The association between neutrophil to lymphocyte ratio and survival in metastatic breast cancer patients Dear Editor, As cancer patients progress over the course of their illness, knowing what to expect can ease the decision process of care planning . Various prognostic markers are considered while making a decision to choose treatment modality for breast cancer. Stage at initial presentation, histological grade, molecular subtype, tumor size, nodal involvement and lymphovascular invasion are among the most valuable prognostic markers. However, their usefulness to further tailoring breast cancer treatments and predicting breast cancer prognosis remains an open question . Since accurate prognostication is necessary for oncologists in arranging their recommendations, they investigate new prognostic factors due to highly variable treatment responses of individuals . Inflammation has been reported to contribute to the development of many cancers and is now included as a hallmark of cancer . Many recent studies have suggested that an elevated neutrophil-to-lymphocyte ratio (NLR) is associated with poor survival of patients with various types of solid cancers . In addition, association of high NLR with worse overall survival has been shown to be greater in metastatic than in nonmetastatic disease. This may be the result of either greater tumor burden or a more prolonged chronic inflammatory process . In our study, we included 81 patients with metastatic breast carcinoma to evaluate the correlation between NLR and overall survival. According to their calculated NLR values, patients were divided into four quartiles (the lowest being the 1st quartile, the highest being 4th quartile). Survival status was retrieved from our cancer registry. Median patient age at diagnosis was 47 years (2683), the majority of them (37%) had grade II and grade III JBUON 2016; 21(5): 1322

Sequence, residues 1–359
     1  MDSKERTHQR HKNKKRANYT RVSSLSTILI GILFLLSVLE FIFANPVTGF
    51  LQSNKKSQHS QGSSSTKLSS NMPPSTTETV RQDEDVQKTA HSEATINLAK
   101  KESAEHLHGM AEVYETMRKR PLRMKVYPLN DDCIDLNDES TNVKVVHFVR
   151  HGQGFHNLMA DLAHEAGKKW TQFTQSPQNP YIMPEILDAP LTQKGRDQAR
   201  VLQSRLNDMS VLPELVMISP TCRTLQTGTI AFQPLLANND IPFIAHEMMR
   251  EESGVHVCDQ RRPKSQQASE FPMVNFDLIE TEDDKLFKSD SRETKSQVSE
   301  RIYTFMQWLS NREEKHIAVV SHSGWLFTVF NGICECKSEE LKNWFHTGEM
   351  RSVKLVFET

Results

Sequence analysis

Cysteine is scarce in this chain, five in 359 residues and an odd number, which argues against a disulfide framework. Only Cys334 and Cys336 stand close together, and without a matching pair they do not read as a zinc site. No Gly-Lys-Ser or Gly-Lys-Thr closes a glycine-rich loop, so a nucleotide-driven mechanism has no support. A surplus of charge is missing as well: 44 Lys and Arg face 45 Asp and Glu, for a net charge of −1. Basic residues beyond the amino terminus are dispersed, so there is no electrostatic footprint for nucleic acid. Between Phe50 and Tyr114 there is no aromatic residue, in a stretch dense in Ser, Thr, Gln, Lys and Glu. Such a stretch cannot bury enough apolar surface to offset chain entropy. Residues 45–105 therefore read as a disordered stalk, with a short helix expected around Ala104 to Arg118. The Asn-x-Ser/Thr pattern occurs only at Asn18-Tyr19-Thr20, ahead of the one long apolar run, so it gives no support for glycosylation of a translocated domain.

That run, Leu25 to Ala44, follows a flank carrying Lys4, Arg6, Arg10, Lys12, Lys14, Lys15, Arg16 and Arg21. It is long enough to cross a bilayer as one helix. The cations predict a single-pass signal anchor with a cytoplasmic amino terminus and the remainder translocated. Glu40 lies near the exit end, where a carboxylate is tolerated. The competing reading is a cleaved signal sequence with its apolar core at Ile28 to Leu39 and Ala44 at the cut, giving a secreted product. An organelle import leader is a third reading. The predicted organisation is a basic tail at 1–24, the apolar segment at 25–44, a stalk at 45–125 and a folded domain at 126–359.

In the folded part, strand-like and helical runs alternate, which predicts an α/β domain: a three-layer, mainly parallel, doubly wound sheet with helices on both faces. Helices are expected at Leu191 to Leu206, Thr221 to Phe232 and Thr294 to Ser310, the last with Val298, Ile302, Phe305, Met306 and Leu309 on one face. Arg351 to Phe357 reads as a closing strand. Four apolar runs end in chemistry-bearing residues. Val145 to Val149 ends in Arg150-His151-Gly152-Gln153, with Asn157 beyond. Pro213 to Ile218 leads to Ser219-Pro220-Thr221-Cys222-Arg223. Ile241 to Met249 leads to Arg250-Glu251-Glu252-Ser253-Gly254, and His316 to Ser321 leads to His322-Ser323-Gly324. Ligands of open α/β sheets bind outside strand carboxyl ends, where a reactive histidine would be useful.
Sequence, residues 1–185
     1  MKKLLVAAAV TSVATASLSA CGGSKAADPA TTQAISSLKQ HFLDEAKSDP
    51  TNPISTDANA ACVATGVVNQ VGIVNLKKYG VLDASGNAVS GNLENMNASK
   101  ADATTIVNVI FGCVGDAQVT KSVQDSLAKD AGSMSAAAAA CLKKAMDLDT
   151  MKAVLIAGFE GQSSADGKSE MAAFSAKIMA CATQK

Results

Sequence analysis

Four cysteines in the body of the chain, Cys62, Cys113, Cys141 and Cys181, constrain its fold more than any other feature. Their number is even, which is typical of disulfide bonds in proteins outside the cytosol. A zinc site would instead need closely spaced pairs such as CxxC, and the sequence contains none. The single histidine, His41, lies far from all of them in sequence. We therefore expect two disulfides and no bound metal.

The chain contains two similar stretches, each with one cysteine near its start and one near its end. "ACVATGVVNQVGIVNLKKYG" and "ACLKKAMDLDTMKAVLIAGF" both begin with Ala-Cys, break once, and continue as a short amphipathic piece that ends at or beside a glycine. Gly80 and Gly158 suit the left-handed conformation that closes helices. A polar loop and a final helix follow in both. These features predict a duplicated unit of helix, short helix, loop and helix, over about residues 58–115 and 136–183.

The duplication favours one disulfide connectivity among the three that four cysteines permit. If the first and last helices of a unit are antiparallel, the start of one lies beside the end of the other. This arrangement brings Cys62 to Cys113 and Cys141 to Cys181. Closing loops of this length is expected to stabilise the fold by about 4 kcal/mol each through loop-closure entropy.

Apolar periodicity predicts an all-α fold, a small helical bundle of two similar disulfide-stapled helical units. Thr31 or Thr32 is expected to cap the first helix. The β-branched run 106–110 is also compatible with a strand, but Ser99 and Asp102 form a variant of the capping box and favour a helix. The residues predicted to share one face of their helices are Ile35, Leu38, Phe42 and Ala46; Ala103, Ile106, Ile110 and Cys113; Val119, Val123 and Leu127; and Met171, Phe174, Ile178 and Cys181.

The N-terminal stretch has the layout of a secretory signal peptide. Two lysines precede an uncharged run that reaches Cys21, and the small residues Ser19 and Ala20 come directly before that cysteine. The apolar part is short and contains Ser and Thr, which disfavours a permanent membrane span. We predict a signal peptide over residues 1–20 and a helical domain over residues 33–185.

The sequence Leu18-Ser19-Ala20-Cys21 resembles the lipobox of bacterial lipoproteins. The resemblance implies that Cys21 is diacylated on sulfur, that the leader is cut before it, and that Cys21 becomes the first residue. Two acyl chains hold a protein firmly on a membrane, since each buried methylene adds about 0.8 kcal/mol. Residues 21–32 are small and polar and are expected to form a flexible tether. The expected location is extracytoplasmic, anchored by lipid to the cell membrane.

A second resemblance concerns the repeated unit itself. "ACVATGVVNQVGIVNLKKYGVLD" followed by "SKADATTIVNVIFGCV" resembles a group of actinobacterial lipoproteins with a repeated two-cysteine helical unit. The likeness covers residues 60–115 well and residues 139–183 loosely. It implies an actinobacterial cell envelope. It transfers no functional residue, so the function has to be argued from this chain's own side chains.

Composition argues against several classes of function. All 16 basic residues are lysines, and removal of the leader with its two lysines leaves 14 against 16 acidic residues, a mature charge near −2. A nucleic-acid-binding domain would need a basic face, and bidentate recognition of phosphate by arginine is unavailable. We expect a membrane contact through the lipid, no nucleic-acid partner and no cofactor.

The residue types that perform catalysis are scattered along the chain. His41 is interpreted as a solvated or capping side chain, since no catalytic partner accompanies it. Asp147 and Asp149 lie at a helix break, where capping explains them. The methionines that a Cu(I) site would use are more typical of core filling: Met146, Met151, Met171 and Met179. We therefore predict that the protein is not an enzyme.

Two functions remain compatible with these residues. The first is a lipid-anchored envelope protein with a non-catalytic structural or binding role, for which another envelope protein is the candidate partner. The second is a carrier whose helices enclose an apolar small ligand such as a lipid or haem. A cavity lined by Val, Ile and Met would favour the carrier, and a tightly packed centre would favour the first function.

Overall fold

(29.6%) tumors and were metastatic at the time of their initial diagnosis. ER (+), PR (+) and HER2 (+) percents were 82, 73 and 24%, respectively. Ten percent of the patients were triple negative. Median follow-up time was 26 months and 29 patients died during the follow up period. When we compared the quartiles, the quartile with the lowest NLR values had longer median overall survival than the quartile with the highest NLR values (212 vs 27 months; p=0.01). The second and third quartiles, however, showed no statistically significant difference for overall survival. In conclusion, a high NLR is shown to be associated with adverse survival in metastatic breast cancer patients. Thus, NLR may serve as a cost-effective prognostic biomarker for therapeutic decision making in these patients.
References 1. Reis-Filho JS, Pusztai L. Gene expression profiling in breast cancer: classification, prognostication, and prediction. Lancet 2011;378:1812-1823. 2.
Bruera E, Hui D. Practical model for prognostication in advanced cancer patients: is less more? J Clin Oncol 2008;26:5843-5844.
Hanahan D, Weinberg RA. Hallmarks of cancer: the next generation. Cell 2011;144:646-674.
Templeton AJ, McNamara MG, Seruga B et al. Prognostic Role of Neutrophil-to-Lymphocyte Ratio in Solid Tumors: A Systematic Review and Meta-analysis. J Natl Cancer Inst 2014;106 :dju124.